cooking oils

    THE 6 HEALTHIEST COOKING OILS TO USE IN THE KITCHEN

    THE 6 HEALTHIEST COOKING OILS TO USE IN THE KITCHEN 450 450 Delphine Remy | Holistic Nutrition & Eating Psychology Coach

    Which are the healthiest cooking oils to use in the kitchen? This is a very common question. There has been a huge movement against the consumption of fatty foods, primarily animal fats, over the past 30 years. Due to this, most people in the United States and western Europe have grown accustomed to cooking oils such as canola oil, vegetable oil or olive oil. Let’s unpack this myth about the harmful effect of animal fats; and let’s look at the science regarding which oils are the healthiest for cooking.

    We’ve been taught to fear saturated fats like butter for so long that it can be hard to look seriously at all the evidence that says that saturated fats are not something to fear. However, the amount of evidence that links saturated fats and cholesterol to heart disease is practically non-existent. Unfortunately, the medical industry and the nutrition industry have been slow to accept this compelling information and continue to prescribe unhealthy and ineffective low-fat diets and cholesterol lowering drugs to those with heart disease.

    The evidence for this is so overwhelming, that many are beginning to take notice. World renowned heart surgeon Dr. Dwight Lundell has spoken out against the vilification of saturated fats:

    “Animal fats contain less than 20% omega-6 and are much less likely to cause inflammation than the supposedly healthy oils labelled polyunsaturated. Forget the “science” that has been drummed into your head for decades. The science that saturated fat alone causes heart disease is non-existent. The science that saturated fat raises blood cholesterol is also very weak. Since we now know that cholesterol is not the cause of heart disease, the concern about saturated fat is even more absurd today.” – Dr. Dwight Lundell, MD Cardiologist (source)

    Simply put — the evidence that links heart disease to fats are slim to none, while the evidence linking inflammation to processed foods is much more compelling, and quite frankly, frightening.

    Dr. Lundell, other notable physicians, and myself advocate a more traditional diet that includes whole foods and healthy fats. One of the most incredible functions of the human body is it’s ability to reverse years of damage caused by processed foods found in the inner isles of the grocery store. By cutting out processed foods and adding fresh unprocessed foods to your diet, you can literally reverse years of damage sustained by your arteries.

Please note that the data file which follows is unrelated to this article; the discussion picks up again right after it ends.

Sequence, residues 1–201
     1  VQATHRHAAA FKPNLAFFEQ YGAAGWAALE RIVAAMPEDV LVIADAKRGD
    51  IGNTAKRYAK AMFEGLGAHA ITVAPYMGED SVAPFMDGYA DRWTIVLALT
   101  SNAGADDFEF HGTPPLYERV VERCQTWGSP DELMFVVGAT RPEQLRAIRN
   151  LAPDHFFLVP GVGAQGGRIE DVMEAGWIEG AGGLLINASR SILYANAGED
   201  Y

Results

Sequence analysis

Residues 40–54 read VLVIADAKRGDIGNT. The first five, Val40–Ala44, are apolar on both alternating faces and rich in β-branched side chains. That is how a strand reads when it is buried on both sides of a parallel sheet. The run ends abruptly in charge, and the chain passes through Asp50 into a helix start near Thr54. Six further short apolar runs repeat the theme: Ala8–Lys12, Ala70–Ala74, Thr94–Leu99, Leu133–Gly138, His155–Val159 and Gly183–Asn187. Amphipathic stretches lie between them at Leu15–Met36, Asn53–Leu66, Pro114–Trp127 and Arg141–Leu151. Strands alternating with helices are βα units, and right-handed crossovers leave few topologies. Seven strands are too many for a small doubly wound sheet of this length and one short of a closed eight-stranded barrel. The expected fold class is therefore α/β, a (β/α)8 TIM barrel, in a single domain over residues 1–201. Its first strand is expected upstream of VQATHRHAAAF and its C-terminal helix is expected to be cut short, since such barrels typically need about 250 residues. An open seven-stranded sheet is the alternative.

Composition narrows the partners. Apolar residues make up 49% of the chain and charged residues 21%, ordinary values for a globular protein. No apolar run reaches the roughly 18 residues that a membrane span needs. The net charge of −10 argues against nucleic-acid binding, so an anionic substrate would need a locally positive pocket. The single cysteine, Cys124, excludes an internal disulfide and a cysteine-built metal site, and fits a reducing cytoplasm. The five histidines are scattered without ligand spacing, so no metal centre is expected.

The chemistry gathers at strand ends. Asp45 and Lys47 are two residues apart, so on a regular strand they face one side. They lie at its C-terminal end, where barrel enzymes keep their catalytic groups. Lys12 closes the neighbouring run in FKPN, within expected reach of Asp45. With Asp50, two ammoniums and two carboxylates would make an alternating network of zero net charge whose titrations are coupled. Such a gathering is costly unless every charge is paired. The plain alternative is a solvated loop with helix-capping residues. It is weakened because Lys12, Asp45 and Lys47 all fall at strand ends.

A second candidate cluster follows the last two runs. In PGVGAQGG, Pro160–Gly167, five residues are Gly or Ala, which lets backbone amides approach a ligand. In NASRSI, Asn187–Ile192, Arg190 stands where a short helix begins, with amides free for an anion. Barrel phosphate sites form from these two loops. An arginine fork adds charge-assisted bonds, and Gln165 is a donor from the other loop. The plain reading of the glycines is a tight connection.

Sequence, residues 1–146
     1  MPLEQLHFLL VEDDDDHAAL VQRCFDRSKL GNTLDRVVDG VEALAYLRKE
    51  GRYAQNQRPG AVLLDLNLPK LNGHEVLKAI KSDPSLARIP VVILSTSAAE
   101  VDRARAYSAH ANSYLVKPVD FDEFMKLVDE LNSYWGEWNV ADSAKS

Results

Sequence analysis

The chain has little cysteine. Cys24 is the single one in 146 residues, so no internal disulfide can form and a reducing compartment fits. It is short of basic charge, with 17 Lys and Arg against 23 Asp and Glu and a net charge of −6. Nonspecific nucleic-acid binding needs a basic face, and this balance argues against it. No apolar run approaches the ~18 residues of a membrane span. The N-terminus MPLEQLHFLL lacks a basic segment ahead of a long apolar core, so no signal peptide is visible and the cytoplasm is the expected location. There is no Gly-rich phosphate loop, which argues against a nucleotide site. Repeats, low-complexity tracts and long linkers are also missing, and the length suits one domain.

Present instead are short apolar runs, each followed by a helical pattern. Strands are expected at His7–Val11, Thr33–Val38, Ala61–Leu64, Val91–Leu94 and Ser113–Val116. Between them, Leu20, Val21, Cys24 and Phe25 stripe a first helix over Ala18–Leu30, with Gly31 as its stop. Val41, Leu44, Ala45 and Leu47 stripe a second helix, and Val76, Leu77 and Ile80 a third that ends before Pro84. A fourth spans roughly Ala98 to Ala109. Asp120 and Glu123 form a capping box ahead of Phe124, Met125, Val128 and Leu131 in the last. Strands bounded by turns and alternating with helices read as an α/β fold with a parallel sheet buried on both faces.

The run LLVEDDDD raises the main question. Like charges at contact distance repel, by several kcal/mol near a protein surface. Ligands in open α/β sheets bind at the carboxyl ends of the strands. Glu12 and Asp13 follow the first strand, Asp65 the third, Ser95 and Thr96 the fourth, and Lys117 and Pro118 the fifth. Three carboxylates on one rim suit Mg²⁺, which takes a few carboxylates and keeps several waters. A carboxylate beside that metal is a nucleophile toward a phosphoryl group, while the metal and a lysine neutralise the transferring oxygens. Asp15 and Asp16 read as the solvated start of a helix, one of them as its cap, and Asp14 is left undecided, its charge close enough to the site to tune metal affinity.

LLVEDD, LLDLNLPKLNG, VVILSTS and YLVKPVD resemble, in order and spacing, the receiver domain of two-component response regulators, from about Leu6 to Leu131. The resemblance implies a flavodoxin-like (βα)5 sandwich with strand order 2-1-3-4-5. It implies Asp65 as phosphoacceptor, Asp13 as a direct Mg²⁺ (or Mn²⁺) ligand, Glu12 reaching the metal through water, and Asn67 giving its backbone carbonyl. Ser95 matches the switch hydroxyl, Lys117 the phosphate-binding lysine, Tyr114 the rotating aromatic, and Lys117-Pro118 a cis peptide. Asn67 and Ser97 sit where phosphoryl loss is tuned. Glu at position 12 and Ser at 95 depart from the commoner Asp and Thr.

The following is a list of the 6 healthiest cooking oils, and the smoke point of each oil (the highest temperature that an oil can be heated before becoming dangerous and carcinogenic!). Knowing the smoke point of each oil will help you determine whether to use it in low or high temperature cooking.

    Ghee (Clarified Butter)
    Ghee has been traditionally used in India for thousands of years in Ayurvedic cooking. Ghee has wonderful health benefits and is the ideal cooking oil for people with dairy sensitivity since the milk solids have been removed. Ghee has a fairly high smoke point (up to 485°) making it a great choice for stir fries, or skillet cooking.

    SMOKE POINT: 425-485° (depending on purity)

    Coconut oil
    Not only does coconut oil have a wonderful flavor that goes great with any sweet baked good (try my recipe for Guilt Free Chocolate Spread) or even some savory dishes (try my Indian Chicken Curry). It also has wonderful health benefits. If you’re not the biggest fan of a coco-nutty flavor, try using refined coconut oil. It doesn’t quite have the full list of unrefined or virgin coconut benefits but it’s still a healthy option. Refined coconut oil is also a great choice for sauteing, stir fry or baking since it has a higher smoke point than virgin coconut oil.

    SMOKE POINT: 280°-365° (Virgin, raw or unrefined), 400°-450° (refined)

    Olive oil
    Olive oil is a heart healthy fat that that contains beneficial antioxidants and has also been shown to have anti-inflammatory properties. It is best used for COLD FOOD (like salad dressing or try my Cauliflower Couscous), but can be used in some LOW-HEAT cooking.

    SMOKE POINT: 320°-350°

    Avocado oil
    Most people forget about Avocado extract and never think to use it as a cooking oil. Avocado oil is one of my favorites because it has such a HIGH SMOKE POINT (475°-520°) and can be used for roasting or sauteeing. Use avocado oil as a substitute for the traditional olive oil on your salads and bonus — avocado oil can be used as a facial and body moisturized. Dermatologists have been known to recommend avocado oil as a treatment for acne, eczema and other skin inflammations.

    SMOKE POINT: 475°-520°

    Palm oil (sustainably sourced)
    Palm oil can be used for cooking but we recommend using it sparingly. Palm oil is high in saturated fats and low in polyunsaturated fats which could promote heart disease if overused.
    Palm oil is a great option for HIGH HEAT cooking. It’s technically healthier than a hydrogenated vegetable oil yet less healthy than an olive oil. There is also a bit of controversy concerning the issues of deforestation and human rights violations derived from the development of oil palm plantations.

    SMOKE POINT: 430°-455°

    Butter
    …and last but definitely not least, we have butter. Contrary to popular belief, butter is not bad for you. In fact, high-quality grass fed butter can be good for you. This links into a recently published article about cholesterol and why our body (and brain) needs cholesterol to function.

    Long story short — stick to raw grass fed butters and you’ll be a-okay!

    SMOKE POINT: 325°-375°

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